Book Expo America a.k.a. When 90% humidity, sleep deprivation and hours in line can’t stop you from having the time of your life.
So, remember how I said I knew what to expect from BEA going in? Well, when the time came to actually go in, all of that disappeared from my brain. I wandered in 1000% lost and thank god I just stumbled into the right signing line, otherwise I might still be roaming Javits. But it only took me an hour or so to get accustomed to the layout and pretty soon I was darting all over the place.
The poster size competition got rather out of hand.
Richelle Mead signing stacks of her new adult series.
Amy Tan interviewed in front of audience at the Downtown Stage.
This, I would soon discover, would become my life for the next 3 days. I was on my feet 9-5 thanking God that there was a Starbucks on the convention floor. I was powered by adrenaline and caffeine – and the kilos of books on my shoulders meant nothing. It was friggin’ Disneyland.
One of the best things about BEA: the bloggers. I met the lovely Mara (Girls in Capes) that first day, who introduced me to both Susan (Read This, Eat That) and Feliza. It was a lot easier to approach publishers in pairs, so some of the best publisher experiences I had were with them and Tania (Literary Cravings). (Excluding one awesome argument about Sansa Stark over at Source Books – nothing gets the blood boiling better than the Game of Thrones!)
So, yes, you do have to stand in line a lot at BEA – but that is one of the best parts. It gives you an opportunity to talk to fellow book lovers, learn the gossip, find out about books that you might not have otherwise heard of, exchange ARCs and, well, have someone watch your bag while you pop over to grab a coffee and/or publisher. Seriously, people, even if you aren’t British, you’ll quickly love the BEA queuing.
The signing area filled up super quick.
Cutest book poster at BEA – by far!
Amanda Sun with the MLP version of her main character.
I followed the advice online and checked a bag the first afternoon. On days 2 and 3 I made sure to bring along a wheelie bag as I had to walk a lot after the convention to get back to my hotel and on to the theatre. NYC may be walkable, but it was rather like walking in an oven while carrying your own coffin.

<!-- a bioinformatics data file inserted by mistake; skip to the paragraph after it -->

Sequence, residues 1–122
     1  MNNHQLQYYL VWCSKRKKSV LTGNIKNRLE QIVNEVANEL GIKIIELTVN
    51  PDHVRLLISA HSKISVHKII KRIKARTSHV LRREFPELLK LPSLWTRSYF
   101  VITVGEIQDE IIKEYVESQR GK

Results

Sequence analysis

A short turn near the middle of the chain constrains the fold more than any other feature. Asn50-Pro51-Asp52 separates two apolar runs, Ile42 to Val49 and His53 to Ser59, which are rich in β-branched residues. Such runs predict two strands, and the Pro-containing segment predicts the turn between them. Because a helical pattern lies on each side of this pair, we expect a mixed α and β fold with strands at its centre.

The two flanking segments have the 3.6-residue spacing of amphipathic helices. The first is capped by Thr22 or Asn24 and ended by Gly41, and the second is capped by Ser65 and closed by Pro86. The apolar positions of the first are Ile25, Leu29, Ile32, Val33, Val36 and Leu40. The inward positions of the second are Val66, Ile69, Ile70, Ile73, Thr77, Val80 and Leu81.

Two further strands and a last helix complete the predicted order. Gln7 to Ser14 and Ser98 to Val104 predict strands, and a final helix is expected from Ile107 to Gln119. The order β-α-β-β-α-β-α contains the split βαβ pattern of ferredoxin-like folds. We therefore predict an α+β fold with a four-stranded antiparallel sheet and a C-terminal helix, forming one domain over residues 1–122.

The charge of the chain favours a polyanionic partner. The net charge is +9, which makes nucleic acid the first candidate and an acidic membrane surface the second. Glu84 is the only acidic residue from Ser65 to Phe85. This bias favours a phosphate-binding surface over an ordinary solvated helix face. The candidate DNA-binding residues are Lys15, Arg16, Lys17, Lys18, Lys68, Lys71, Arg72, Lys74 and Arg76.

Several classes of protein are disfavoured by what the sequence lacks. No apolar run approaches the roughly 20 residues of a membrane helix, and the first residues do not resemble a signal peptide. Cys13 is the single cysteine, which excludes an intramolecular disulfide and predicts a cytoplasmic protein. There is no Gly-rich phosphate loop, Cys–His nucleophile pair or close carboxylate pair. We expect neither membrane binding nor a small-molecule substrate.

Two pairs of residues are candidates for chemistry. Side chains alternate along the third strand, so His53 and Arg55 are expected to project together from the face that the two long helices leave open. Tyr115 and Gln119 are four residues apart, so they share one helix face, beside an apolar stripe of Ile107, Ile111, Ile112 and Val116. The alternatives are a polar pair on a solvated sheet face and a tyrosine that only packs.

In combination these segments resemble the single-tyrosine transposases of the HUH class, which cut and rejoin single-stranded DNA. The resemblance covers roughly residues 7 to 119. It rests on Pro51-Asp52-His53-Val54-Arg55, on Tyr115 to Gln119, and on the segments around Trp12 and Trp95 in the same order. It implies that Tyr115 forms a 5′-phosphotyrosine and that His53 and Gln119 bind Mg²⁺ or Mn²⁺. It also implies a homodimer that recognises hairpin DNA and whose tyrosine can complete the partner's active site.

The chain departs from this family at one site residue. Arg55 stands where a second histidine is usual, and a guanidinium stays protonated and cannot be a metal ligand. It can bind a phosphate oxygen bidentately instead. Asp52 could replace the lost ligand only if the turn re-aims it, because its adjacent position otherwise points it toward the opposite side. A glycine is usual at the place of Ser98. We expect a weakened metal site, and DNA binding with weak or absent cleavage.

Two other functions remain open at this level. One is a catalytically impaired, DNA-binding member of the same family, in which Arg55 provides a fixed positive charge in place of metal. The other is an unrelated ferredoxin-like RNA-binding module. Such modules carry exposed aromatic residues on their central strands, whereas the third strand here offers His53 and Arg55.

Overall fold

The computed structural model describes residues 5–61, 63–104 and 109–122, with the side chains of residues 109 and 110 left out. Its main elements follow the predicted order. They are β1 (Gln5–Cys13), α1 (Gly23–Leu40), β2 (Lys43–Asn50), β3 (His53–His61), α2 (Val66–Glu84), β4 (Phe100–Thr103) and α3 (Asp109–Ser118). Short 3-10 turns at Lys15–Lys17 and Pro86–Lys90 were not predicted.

… I don’t do well in the heat.
Anyhow, I met so many authors while I was there they’ve actually rather blurred in my mind. Though I know the US often sends dozens of authors out on tour together, we have nothing like that in the UK. To see 2 or 3 at once is highly unusual – but at BEA? Well, Harlequin had Elizabeth Scott, Julie Kagawa, Amanda Sun, Katie McGarry and Dawn Metcalf together not once, but twice. That’s kinda amazing
So, for the record, I met: Victoria Schwab (super lovely), Amanda Sun (super, super lovely), Richelle Mead (!!), Ally Carter, Brandon Sanderson, Maria V. Snyder, Jonathan Maberry, Eve Silver, Teri Brown, Holly Black, Anna Jarzab, Leila Sales, Jennifer Castle, Sarah Dessen (!!), Marie Lu, Susan Kim & Laurence Klavan, Elizabeth Scott (sweetest person ever), Amy Tintera, Ellen Datlow, Alice Hoffman, Kendare Blake, Cat Patrick & Suzanne Young, Romily Bernard, Lauren Myracle, Dan Krokos, Elizabeth Norris, Katie McGarry, Dawn Metcalf, Dot Hutchison, Ted Dekker, Amie Kaufman & Meagan Spooner, Julie Kagawa, Sean Williams, Deborah Noyes, Michael Pocalyko, Amy Herrick, Faith Erin Hicks, Sarah Jio, and Tyler Whitesides.
Jonathan Maberry looking shiny in his comic book shirt of awesome.
Elizabeth Norris signing her already-released novel Unravelling.
Marie Lu signing extracts and posters at the Penguin booth.